~ SAVVY SOMMELIER TASTING NOTES ~

 

13th Street Pinot Gris VQA 2013 $19.95

“My background is Chablis and Sauvignon Blanc, so I was very interested in tackling this grape. It is not a classical style of Pinot Gris, but it is balanced, dry with good acidity and not a lot of sweetness”, Winemaker Jean-Pierre Colas.

Savvy Sommelier Tasting Notes: Pale yellow and viscous, this complex Pinot Gris hit so many lovely notes: stone fruit, ginger, lime, beeswax, floral and white peaches (almost candied).  Medium acidity with a nice, long finish.

Suggested Food Pairing: Pinot Gris contains similar characteristics to Gewurztraminer (fruity and floral), so creamy dishes would work well here.  Pair this with a Seafood Chowder, a creamy Sheep cheese, or Coquille St Jacques (a creamy French dish made with scallops and cream).

Cellaring: This wine is beautiful and a delight to drink now but could also be kept for a few years.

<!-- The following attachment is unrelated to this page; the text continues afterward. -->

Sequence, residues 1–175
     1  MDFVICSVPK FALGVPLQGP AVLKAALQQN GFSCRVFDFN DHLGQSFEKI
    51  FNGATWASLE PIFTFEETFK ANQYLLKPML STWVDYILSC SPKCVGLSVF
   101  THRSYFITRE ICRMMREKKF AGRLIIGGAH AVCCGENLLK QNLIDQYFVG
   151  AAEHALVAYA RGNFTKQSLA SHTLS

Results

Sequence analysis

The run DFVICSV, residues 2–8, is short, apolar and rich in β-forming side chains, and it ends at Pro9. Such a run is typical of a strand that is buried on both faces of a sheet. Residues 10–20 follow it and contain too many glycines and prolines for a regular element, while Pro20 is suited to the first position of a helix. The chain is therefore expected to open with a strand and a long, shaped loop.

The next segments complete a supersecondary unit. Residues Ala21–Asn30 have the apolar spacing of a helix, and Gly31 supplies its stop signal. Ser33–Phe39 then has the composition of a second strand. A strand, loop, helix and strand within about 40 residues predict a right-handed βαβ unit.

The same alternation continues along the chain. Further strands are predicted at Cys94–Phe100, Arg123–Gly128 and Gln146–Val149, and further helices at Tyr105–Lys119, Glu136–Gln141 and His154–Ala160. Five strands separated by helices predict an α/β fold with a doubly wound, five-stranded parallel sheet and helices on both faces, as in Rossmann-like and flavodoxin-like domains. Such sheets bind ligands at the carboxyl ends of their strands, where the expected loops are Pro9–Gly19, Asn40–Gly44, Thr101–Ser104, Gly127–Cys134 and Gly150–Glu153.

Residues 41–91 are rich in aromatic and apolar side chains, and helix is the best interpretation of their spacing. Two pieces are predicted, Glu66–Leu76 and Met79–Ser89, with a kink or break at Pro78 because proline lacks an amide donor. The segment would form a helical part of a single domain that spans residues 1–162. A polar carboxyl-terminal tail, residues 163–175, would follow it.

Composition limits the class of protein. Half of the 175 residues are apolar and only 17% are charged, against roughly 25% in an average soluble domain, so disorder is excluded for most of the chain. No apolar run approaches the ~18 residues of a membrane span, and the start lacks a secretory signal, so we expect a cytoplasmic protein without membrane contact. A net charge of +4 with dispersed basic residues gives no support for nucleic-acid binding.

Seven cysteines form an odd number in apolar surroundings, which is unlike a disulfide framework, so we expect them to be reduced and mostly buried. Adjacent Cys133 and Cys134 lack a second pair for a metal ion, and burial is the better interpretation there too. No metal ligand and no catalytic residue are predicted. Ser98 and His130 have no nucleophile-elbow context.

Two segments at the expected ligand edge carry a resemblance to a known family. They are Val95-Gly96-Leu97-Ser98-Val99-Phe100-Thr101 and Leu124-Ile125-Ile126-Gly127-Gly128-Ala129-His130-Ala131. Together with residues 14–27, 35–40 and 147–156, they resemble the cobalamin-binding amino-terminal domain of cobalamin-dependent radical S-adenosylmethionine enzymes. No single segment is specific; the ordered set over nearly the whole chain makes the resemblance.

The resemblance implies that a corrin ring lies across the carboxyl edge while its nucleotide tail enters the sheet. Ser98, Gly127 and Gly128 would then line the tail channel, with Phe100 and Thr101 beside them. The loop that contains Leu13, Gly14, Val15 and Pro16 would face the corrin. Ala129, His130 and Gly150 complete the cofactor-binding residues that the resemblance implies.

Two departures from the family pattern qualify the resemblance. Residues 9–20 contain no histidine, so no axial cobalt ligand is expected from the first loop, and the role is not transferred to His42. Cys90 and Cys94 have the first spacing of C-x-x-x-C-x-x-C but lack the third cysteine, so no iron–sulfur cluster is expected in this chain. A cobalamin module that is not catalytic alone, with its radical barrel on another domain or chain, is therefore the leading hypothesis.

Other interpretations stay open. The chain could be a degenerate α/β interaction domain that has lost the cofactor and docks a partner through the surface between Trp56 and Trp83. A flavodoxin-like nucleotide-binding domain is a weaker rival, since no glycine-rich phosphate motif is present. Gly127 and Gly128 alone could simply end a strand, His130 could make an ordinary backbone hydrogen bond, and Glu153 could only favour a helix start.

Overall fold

13th Street Essence Pinot Noir VQA 2010 $34.95 (regular $44.95)

essence“I was not originally confident about making Pinot Noir in Canada but I changed my mind when I made the first in 2009.  The 2010 is elegant, balanced, fruity, with little oak flavour. The key for this wine was to use the right barrels for the grape” Winemaker Jean-Pierre Colas.

Savvy Sommelier Tasting Notes:  Light medium ruby and oh so smooth.  Notes of cherries, strawberries, and cranberry are all there, followed by roses, pepper and a meatiness that just aches to be paired with grilled meat.  Medium body, with fruit and pepper on the finish.  A gorgeous Pinot Noir.

Suggested Food Pairing: Meat – and lots of it! Grilled lamb chops, roasted duck with a cranberry sauce or grilled pork tenderloin with cherry sauce (see recipe below).

Cellaring: Pinot Noirs often require a bit of time to soften (I prefer to drink most New World Pinot’s 5 years or so after bottling), and this one is ready to enjoy now.

 

13th Street Meritage VQA 2012 $34.95

“2012 provided intensity to the grapes due to warm weather and lots of tannins were extracted during maceration.  There is balance, freshness and richness in this blend, and this Meritage is very similar to a South American Bordeaux blend” Winemaker Jean-Pierre Colas.